Sloppy Jones was co-created and co-written by Jamie Hart, Jonathan MacDonald, and Sophie Nation. The three friends have all trained and worked in performing arts and writing. They have also worked or work currently in the restaurant industry. Jamie is a bartender, Jonathan is a fine dining server and Sophie worked as a server in a vegan restaurant. The restaurant scene is a messy and vibrant space. Producer Susan Nation saw an opportunity for a fresh new digital series set in a restaurant that explored millennial angst, finances, and relationships today. She and Creative Mentor Carrie Cutforth researched the competitive environment and millennial #serverlife. Challenged with the economic realities of the time, millennials are anxious about so many things: Can I pay my bills? How will I pay off my student debt? How will I pay rent let alone buy my own home? Will I find a lover or companion, do I even want one? Will climate change destroy the planet and my future, and doesn’t anybody in power care?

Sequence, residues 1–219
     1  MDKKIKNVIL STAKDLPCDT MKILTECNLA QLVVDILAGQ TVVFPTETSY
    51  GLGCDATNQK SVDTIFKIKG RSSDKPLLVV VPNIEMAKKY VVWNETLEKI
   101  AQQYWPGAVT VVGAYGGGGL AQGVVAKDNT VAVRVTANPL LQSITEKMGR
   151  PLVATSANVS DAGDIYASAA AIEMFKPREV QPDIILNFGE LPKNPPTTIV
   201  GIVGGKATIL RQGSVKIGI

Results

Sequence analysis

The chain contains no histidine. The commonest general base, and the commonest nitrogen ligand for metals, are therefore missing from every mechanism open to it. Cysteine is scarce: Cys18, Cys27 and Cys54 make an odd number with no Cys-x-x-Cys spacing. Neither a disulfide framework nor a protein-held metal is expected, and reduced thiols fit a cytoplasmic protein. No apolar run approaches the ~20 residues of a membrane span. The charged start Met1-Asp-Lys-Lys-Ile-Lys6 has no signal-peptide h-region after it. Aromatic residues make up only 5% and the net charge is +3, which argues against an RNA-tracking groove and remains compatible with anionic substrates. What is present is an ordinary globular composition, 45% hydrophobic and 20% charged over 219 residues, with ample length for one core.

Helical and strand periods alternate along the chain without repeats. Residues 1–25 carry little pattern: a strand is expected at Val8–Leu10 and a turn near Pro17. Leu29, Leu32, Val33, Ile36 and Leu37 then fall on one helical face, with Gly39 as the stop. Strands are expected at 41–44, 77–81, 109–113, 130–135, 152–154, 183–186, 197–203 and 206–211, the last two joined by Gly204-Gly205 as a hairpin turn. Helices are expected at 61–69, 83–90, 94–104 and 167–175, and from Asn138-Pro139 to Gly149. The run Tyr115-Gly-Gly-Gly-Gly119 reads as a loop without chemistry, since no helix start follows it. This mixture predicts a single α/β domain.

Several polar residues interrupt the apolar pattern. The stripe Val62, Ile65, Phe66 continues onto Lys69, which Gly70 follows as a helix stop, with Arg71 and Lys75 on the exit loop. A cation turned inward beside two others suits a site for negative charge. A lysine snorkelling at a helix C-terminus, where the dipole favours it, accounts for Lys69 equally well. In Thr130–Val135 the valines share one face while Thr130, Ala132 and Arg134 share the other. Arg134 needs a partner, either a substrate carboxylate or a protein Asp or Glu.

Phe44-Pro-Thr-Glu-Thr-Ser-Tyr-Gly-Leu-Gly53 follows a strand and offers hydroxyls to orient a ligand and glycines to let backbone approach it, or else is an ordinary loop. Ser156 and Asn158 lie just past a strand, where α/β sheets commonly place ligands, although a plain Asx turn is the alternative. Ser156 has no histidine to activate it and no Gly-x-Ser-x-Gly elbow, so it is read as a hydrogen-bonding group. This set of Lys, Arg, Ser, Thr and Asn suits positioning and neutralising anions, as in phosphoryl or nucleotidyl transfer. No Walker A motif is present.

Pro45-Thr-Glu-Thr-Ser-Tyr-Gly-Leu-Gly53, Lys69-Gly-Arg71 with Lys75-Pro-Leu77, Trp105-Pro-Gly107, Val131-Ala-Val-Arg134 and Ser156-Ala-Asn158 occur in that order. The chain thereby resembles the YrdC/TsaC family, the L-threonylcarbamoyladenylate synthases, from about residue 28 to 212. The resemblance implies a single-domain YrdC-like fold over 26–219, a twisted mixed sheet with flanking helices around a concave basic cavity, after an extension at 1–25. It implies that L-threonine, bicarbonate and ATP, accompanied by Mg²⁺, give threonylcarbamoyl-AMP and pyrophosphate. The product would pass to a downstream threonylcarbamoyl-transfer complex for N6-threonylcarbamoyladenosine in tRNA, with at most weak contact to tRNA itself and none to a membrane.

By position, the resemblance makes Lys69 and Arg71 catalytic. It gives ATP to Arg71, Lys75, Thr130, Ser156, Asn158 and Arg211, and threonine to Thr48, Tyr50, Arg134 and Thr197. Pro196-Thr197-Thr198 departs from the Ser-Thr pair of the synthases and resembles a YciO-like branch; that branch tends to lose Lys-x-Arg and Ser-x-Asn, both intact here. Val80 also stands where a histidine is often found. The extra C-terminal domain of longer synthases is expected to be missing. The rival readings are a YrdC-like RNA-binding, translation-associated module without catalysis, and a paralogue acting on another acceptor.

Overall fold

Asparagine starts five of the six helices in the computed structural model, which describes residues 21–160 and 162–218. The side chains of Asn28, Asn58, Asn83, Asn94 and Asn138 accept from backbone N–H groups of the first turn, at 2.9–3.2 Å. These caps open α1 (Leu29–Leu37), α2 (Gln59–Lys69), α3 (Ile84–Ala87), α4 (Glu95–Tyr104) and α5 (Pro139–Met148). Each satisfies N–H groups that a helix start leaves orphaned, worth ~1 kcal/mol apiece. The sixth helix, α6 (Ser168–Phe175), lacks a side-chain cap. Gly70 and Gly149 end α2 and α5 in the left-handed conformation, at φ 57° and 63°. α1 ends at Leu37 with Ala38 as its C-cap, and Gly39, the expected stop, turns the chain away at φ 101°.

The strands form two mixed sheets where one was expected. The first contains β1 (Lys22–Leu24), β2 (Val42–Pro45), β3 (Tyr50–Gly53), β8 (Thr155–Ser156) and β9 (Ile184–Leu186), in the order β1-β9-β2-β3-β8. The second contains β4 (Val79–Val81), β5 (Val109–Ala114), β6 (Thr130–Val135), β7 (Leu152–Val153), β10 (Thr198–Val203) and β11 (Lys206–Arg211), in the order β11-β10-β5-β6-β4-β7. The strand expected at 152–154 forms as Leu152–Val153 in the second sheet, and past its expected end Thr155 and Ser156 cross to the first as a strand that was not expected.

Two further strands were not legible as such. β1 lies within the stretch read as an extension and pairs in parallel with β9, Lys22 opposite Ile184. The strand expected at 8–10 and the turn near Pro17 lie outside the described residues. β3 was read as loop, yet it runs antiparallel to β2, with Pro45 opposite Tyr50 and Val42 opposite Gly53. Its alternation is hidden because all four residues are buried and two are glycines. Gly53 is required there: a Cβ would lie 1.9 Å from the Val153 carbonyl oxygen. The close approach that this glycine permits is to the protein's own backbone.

Susan invited the three to co-create a fresh, modern, and authentic series based on her original concept YOLO Bistro. They explored their own life experiences, good and bad, to make Sloppy Jones real and relevant. All three have a passion for LGBT and feminist representation. They wanted to develop queer characters facing exciting and complex challenges that are not about gender identity, but other aspects of life. Their queer characters do not have to come out to prove themselves as queer people, rather, they exist confidently as they are. The creators wanted to tell their stories in an unfiltered, unapologetic style that is truthful for them and their target audience of LGBTQ millennials.
Then the trio have worked hard over many months with Creative Consultant and Mentor Amanda Walsh to develop the project with the support of Susan and the CMF and Ontario Creates. It became a dark queer comedy murder mystery that’s a heightened and funny portrayal of working at a restaurant as a twenty-something with bad bosses and some very funny characters.
Mentor Judy Croon from Second City helped the trio develop their comedy skills. She had the trio do stand-up exercises to help encourage and exaggerate ideas and to get touch with each character’s tone. The trio have on-going classes with Croon for writing.
They did and continue to do writing workshops with mentor, Jill Golick, who was a great asset to the team in helping shape the characters dynamic and helped inform the murder storyline.